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UFC Fight Night 15 recap and final thoughts

ufc fight night 15 recap
UFC Fight Night 15 from the Omaha Civic Auditorium in Omaha, Neb., has come to a close.

The big winners: The Ultimate Fighter (TUF) 5 winner Nate Diaz and fellow lightweight division member, Clay Guida.

The big losers: Hometown hero Houston Alexander, and, well, hometown hero Houston Alexander.

"The Nebraskan Assassin" kicked off the main card action against Milwaukee native Eric Schafer in a light heavyweight bout. With his job perhaps on the line, Alexander either needed a win or an impressive performance to remain in the good graces of Zuffa brass.

Neither happened.

It was the classic "striker vs. grappler" match up. And the fight pretty much stuck to that script. Alexander came out headhunting and Schafer came out ducking, looking to get the fight to the canvas as soon as possible on his terms.

Alexander appeared to have a few surprises waiting for "Red" when he attempted his takedowns -- several knees to the grill. Schafer, however, appeared to have both knees down at one point when the knees struck, but the referee in charge of the action, Josh Rosenthal, didn't catch them.

"Red" sure did.

He eventually cleared the cobwebs and continued to attempt to get Alexander to the floor. And the "Assassin" did a solid job of defending the first few shots.

But it only takes one. And Schafer's persistence eventually paid off.

With Alexander on the mat, Schafer passed to side control with about as much resistance as Gary Shaw demonstrates at an all-you-can-eat buffet. The Brazilian jiu-jitsu black belt immediately began to work submissions, including a guillotine that Alexander pried off.

However, Schafer landed in full mount after the escape and grounded and pounded the local disc jockey for most of the second half of the round. He finally realized there were only about 15 seconds left in the round and angled for an arm triangle.

No problem -- Alexander tapped with just seconds remaining in the first round and the referee peeled him off the canvas bloody, beaten and boggled.

Schafer made it looked that easy, which is perhaps more likely because Alexander proved once again -- despite his pre-fight rhetoric -- that his ground skills are just not up to par with his powerful stand up arsenal.

That's just not going to cut it at the UFC level. And fan favorite or not he might find himself outside the Octagon looking in now with three straight losses.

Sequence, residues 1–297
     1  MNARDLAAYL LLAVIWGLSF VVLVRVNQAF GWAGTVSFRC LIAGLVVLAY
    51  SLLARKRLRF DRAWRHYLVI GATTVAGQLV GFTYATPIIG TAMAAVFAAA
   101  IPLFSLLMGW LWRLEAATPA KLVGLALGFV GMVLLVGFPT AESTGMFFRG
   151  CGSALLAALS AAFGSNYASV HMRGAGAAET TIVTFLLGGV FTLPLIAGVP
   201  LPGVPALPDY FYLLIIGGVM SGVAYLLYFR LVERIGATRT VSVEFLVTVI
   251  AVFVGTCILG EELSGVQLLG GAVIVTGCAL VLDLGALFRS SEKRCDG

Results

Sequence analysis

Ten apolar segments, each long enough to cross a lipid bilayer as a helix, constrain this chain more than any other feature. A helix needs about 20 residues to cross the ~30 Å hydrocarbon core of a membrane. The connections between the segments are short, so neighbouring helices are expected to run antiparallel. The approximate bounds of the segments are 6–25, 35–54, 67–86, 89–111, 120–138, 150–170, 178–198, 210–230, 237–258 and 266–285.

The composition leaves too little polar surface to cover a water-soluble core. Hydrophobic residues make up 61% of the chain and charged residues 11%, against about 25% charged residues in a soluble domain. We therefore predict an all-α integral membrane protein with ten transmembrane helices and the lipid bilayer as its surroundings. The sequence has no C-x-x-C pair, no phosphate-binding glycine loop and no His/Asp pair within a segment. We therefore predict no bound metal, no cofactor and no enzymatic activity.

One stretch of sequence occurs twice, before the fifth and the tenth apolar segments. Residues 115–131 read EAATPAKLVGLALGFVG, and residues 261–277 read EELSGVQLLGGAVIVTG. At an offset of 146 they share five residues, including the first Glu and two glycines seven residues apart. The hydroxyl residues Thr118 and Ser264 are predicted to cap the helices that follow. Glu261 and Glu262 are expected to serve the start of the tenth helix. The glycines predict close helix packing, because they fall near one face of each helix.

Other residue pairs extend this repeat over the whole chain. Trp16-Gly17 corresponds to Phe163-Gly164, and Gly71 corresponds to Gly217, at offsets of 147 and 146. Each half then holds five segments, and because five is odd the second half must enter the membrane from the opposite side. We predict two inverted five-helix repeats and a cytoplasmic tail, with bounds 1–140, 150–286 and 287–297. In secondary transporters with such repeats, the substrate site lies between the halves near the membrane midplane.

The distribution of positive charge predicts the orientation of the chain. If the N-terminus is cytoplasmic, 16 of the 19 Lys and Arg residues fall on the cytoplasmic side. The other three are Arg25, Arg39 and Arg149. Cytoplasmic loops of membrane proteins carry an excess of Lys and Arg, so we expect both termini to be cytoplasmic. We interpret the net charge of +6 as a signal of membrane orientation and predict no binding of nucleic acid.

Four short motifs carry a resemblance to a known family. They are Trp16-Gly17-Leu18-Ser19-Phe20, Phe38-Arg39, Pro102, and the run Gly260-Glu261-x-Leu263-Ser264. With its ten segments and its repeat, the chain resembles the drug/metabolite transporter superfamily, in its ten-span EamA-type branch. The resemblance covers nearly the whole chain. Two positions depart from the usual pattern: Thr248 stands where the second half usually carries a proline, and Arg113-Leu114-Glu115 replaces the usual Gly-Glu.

Alan Belcher and Ed Herman then went toe-to-toe in a middleweight match up.

"The Talent" apparently trained in Thailand for the bout. And his month-long stint abroad paid dividends immediately with an accidental eye poke to start the fight that momentarily blinded "Short Fuse."

From that point on it was pretty much the same type of fight for three rounds: Belcher strafing Herman with low kicks and effective punches and Herman weathering the storm, exchanging briefly and securing takedowns.

Herman did some nice work on the ground, but it wasn't enough to finish the fight at anytime during the 15 minutes of action.

Belcher eventually went on to earn a split decision win, showing some fluid movement throughout the fight. Or is it showboating?

I can't tell anymore.

Regardless, his performance was solid and hopefully Belcher can build on his two wins and shuck the inconsistent label.

And the Thai nuthuggers.

The match up between Guida and TUF 6 winner, Mac Danzig, was all about wrestling, wrestling and more wrestling.

"The Carpenter" -- true to form -- executed his typical gameplan, which includes a relentless pace and a double dose of takedowns and attempts.

Danzig actually commanded the center of the Octagon for most of the first round and stalked Guida, but it was just a matter of time before the Energizer bunny took over.

Danzig looked calm and composed throughout most of the fight, but as time wore on it was clear that he was visibly frustrated. And who could blame him ... Guida is like that annoying kid in school who just can never take a hint (see Holland, Jesse).

The crowd was actually heard booing toward the tail end of the scrap. And perhaps the referee could have separated them more often when the two were at a stalemate up against the fence.

But Guida was constantly working and moving, making it hard for anyone to call him on stalling. It'll be interesting to see if the 26-year-old will remain a "gatekeeper" of the division (Mac's words, not mine) or if he'll get a shot at another contender like ... Nate Diaz?

Diaz put on another jiu-jitsu clinic. The only difference this time is that he didn't come away with a submission win like he has in his last six appearances.

His opponent, Josh Neer, demonstrated a tremendous amount of skill and was unafraid to mix it up with Stockton's finest on the feet or on the ground. "The Dentist" even had Diaz in several menacing positions; however, he would always find a way to escape or reverse.

It was an entertaining fight from bell-to-bell. Both fighters should be commended for their efforts although my unofficial scorecard had Diaz winning two of the three rounds -- unsure how it was a split decision.

One thing that is clear is that Diaz is ready for the upper echelon of the division. He gets better with every fight and tonight was no different.

Calling Tyson Griffin, come in, Tyson.

That's a wrap. Share your thoughts on the event in the comments section below. And for those who missed it or were too drunk to recall everything that happened feel free to check out the complete UFC Fight Night 15 results right here.

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